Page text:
8. I have a confession to make. I have recently been smitten with an affliction, which I know has affected a number of other members of RMWeb, and have somehow managed to end up becoming the owner of a Hornby Peckett W4. Having done the deed, I desperately tried to justify the purchase by seeing if I could find a legitimate use for it. As you know, I like to model railways in close proximity to where I live, so imagine my delight on finding photographic evidence that not one but two Pecketts were employed at Cawdor Quarry, in Matlock, Derbyshire, just eight miles from home. My grateful thanks go to Pete Hackney for allowing me to use photographs from his Flickr account. This is the first loco, works number 1555 Copyright Pete Hackney, used with permission And this is the second, works number 1749 Copyright Pete Hackney, used with permission From Pete's photos you can see that whilst 1749 appears to be painted black, 1555 looks like it might be Peckett works green, and after a bit of digging I managed to find a colour photo by J W Sutherland whose photos I've used before: Copyright J W Sutherland, used with permission. For the purists, neither of these locos is a W4, 1555 is an M5, and the origins of 1749 are unclear, it may be a W6 or an R2, however I think the differences are such that for 1749 at least I can invoke Rule One and ignore them. So that's the justification for this thread - a layout to run a couple of Pecketts on. In a subsequent post, I'll enlarge on the location. Thanks for looking, Al.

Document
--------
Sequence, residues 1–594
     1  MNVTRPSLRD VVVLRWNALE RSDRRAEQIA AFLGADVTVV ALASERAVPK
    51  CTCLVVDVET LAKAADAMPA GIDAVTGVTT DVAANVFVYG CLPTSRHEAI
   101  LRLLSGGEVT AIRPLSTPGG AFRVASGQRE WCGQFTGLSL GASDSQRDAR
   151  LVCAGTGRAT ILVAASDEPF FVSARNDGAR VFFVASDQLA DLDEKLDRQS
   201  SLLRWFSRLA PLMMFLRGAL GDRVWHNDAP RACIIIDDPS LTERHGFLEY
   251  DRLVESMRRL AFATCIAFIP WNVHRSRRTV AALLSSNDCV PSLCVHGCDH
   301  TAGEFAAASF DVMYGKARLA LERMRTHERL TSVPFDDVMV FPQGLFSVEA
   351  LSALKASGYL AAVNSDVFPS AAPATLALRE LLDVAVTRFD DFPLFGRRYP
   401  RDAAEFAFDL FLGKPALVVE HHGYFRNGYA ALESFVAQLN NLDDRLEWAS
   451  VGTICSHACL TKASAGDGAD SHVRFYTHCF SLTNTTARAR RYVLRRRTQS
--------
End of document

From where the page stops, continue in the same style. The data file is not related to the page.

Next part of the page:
9. So as some of you may know I have quite a fast layout building pace and often build a layout every couple of months. The completion of distillery yard and the near completion of Marmalade Wharf has lead me to look for a new project and I thought I'd continue with my exploration of narrow gauge this time with a little of a twist and more of a focus on aesthetics. In IKEA yesterday I picked up one of these crate kits. Not bad for £9 and is pretty robust and sturdy. The plan is to make it so the layout can sit inside the crate for storage then sit on the up turned crate for display. The baseboard is a spare IKEA shelf in the shed which I've cut down so it measures 27.5cm by 37.5cm The plan is for there to be a simple loop of track. I can't decide whether I want it to be a small light railway so I can have mixed traffic or maybe a small quarry.